Archive for the 'train' Category

Commuting by Bike

June 3, 2007

I recently created a Google Map to show my route to work. I can also upload photos that I take on route, so I’ll need one of those camera mounted cycle helmets.

I cycle in London to get between Kings Cross and Paddington in good time. I can manage 12 minutes on a good day with the lights in the right order. It takes nearer 20 minutes by tube by the time I’ve walked to and from the station platforms at either end, and with the way the trains work this means I then have another 10 minutes to wait for a connection to Ealing Broadway.



May 22, 2007

Thought I’d mention a great utility I discovered the other day. I was looking for a way I could attach a laptop bag to my bike, a Dahon Jetstream P8. This is a great folding bike but because it has front and rear suspension (tried cycling through Cambridge city centre recently? Cobblestones look nice but shake Bromptons and their riders to bits) I haven’t been able to find a suitable rear (or front) rack/pannier. Anyway in my travels through Google I came across a conversation trail which started with the pros and cons of carrying around a USB memory stick instead of a heavy laptop, and moved onto the service provided by

Remote desktop services are now built into Windows, and tools like VNC and Netmeeting have been around for years, but what this makes this nice is that Logmein provide a hosted service so that I can run up their application on my laptop at work and this connects to their central server. When I get home I boot up my desktop (assuming Son #2 is not playing Fifa 2006) and it connects via the Logmein server to my laptop and voila I get to remotely control my laptop.

I currently use two main products at work. First is Enterprise Architect. This is a per-seat licenced tool and Logmein lets me remotely work with this tool. The second is a local installation of MediaWiki. Now I can access this by using a remote instance of Firefox but of course I want to do better than that!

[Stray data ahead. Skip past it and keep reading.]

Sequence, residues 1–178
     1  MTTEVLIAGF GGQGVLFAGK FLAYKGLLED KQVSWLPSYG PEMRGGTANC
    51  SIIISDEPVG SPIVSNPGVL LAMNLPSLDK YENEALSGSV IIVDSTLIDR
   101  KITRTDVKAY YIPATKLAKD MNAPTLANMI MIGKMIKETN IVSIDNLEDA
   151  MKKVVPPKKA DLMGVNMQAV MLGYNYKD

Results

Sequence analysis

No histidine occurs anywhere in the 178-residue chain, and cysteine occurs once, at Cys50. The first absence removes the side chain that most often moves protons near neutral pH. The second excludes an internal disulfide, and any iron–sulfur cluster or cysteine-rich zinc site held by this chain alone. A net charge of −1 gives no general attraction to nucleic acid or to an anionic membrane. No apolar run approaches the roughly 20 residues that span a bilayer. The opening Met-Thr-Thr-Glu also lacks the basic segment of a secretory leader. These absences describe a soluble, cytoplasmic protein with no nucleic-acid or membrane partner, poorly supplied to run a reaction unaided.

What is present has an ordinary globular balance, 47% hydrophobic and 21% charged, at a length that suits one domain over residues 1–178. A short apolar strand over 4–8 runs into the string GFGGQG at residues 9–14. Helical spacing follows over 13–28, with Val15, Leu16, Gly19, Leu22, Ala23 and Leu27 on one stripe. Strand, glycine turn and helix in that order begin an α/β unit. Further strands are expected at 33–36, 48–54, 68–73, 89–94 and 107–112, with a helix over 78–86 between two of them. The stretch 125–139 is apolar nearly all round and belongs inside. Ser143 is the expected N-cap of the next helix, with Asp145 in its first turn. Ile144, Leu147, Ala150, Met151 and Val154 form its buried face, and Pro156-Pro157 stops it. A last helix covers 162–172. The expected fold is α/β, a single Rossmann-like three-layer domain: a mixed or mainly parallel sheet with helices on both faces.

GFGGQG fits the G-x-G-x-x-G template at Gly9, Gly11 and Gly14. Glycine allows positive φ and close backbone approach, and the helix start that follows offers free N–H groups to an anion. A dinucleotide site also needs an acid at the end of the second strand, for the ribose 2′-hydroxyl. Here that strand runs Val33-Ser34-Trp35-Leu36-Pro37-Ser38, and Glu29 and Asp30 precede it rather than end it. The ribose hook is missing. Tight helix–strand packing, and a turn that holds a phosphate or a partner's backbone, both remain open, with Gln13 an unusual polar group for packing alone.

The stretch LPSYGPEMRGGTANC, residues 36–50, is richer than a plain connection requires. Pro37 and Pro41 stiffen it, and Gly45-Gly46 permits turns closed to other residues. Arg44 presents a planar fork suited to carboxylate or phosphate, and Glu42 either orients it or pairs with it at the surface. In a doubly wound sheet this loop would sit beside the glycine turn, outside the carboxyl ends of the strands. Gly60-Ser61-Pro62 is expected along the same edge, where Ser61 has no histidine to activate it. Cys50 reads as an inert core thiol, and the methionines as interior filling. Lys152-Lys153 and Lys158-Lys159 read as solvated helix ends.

On the LogMeIn site I found a link labelled ‘Labs’ – and through that I came across their Hamachi service. Hamachi provides a flexible peer to peer network bridge between a cooperating set of user machines. It creates a new network interface on each machine on which it is installed and lets users create ad-hoc network communities that behave like a local LAN. The immediate benefit is that it lets game players form lan based multiplayer games without having to connect to a third party server (including FIFA 2006, but I haven’t told him yet…). The real benefit is that I can install hamachi on my Ubuntu Linux desktop at work, bring up a local instance of Squid as a Web proxy and thus gain access to the intranet instance of MediaWiki.

Now I don’t really want to route all my web traffic through Hamachi, then to work and out through Squid so I needed to find a way to selectively route only requests to my wiki. Firefox lets you configure a Proxy but the way that works is that you can specify sites not to proxy, but not the other way round. The answer is to create a small file called ‘Proxy.PAC’ and implement a small Javascript method. Here’s mine (with the relevant names and addresses changed to protect the guilty)

function FindProxyForURL(url, host){
 var proxy="PROXY";
 if (shExpMatch(url,"**/*"))              {return proxy;}
 return "DIRECT";

So now I can access my company Wiki at home. The only disadvantage is that I can’t boot up the laptop while I’m on the train and work offline but given the level of overcrowding on my train at present I don’t always get the opportunity to work in this way.